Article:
‘It’s time we stopped managing poverty’ – Chief Joe Bevan


Kitselas First Nation Chief Joe Bevan.
Kitselas First Nation Chief Joe Bevan.

BY BILL PHILLIPS

bill@pgdailynews.ca

No one is more qualified to speak for the Kitselas First Nation more than Chief Joe Bevan.

And when it comes to developing major projects in the band’s traditional territory, particularly liquefied natural gas, the band is fully supportive. Bevan takes exception to outside groups and organizations who claim First Nations in the area aren’t supportive.

“If you speak to the First Nations, you speak to them direct,” he said during a break in the First Nations Major Projects Coalition conference Tuesday. “If you’re going to ask ‘how do you feel about this development?’ you need to talk to the actual chiefs. I question some of the environmental organizations who are saying First Nations oppose developments. I question all of their reports. None of them have spoken to me. For them to come into my territory and say I don’t support it almost borders on negligence.”

The band’s traditional territory is near Terrace and it has benefit agreements with both the Pacific Trails Pipeline project and LNG Canada. He adds the Pacific Trails Pipeline project is a prime example of First Nations in the area supporting development, as 16 of 17 First Nations in the area came together to support the Chevron development.

“I don’t know where these groups are getting their information from,” he said. “I would question them as where are they getting their funding from? Who’s funding you? Is it another LNG corporation down in the States?”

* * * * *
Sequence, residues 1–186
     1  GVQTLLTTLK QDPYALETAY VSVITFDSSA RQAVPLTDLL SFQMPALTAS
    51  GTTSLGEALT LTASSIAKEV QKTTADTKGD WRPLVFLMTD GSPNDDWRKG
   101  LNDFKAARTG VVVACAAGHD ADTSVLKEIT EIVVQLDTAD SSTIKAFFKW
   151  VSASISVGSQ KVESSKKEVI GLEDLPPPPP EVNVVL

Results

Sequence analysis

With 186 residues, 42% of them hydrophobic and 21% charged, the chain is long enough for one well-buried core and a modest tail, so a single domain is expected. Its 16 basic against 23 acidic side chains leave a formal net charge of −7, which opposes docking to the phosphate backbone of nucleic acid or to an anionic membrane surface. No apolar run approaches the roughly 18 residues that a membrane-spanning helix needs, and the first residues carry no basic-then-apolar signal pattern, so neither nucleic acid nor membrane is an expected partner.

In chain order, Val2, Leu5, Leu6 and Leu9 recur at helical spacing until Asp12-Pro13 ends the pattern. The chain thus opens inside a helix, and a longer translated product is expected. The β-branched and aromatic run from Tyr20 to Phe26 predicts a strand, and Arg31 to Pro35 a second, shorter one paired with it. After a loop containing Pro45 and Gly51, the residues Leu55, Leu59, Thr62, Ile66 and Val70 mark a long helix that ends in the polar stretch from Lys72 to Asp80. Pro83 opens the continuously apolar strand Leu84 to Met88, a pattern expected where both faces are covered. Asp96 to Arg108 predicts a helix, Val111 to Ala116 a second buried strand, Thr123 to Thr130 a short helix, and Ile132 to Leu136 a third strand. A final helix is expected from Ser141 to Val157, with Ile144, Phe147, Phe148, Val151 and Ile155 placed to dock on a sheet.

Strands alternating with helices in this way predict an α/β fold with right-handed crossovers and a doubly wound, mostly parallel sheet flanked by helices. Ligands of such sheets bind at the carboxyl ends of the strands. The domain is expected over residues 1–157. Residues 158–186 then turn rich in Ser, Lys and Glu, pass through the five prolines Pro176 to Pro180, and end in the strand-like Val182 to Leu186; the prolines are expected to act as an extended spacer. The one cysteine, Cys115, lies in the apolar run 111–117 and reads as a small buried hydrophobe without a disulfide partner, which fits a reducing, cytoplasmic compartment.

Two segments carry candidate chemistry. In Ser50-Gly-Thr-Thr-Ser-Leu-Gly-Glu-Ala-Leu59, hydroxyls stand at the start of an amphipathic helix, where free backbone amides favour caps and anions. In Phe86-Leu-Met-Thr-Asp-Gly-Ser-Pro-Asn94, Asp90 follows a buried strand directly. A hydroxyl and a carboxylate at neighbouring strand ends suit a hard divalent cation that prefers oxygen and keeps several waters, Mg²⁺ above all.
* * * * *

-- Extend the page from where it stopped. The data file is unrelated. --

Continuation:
Bands in the area see liquefied natural gas as a huge opportunity.

“We’ve seen the downturn in forestry and the fishing industry,” he said. “In the Terrace area we’ve always been resource extractors. This is a different resource. The Kitselas people saw it as a great opportunity. There is potential for jobs and business procurements.”

He said some of the band’s environmental concerns were addressed and there are direct benefits to the community as a whole.

“When you put that all together in a legal binding agreement, it means we would have a decent living off of these agreements,” he said. “For some of chiefs who have seen three generations from one family, under social assistance, it’s time that we stopped managing poverty and start managing wealth.”

Bevan is supportive of the tax regime brought in by the provincial government for natural gas development.

The new framework, to which LNG Canada will be subject, provides:

Relief from provincial sales tax (PST), in line with the policy for manufacturing sectors, subject to repayment in the form of an equivalent operational payment.

New GHG emission standards under the Clean Growth Incentive Program, announced in Budget 2018.

General industrial electricity rates consistent with other industrial users in B.C.

Elimination of the LNG income tax that had required LNG-specific tax rates.

“We lobbied government that things needed to change,” Bevan said. “When they had put their tax regime in place, it was a different time, it was a different market value, different global value. We suggested maybe it’s time to take a staged approach. We’re elated by that approach because what it means is maybe one of these projects will get off the ground if the prices are right.”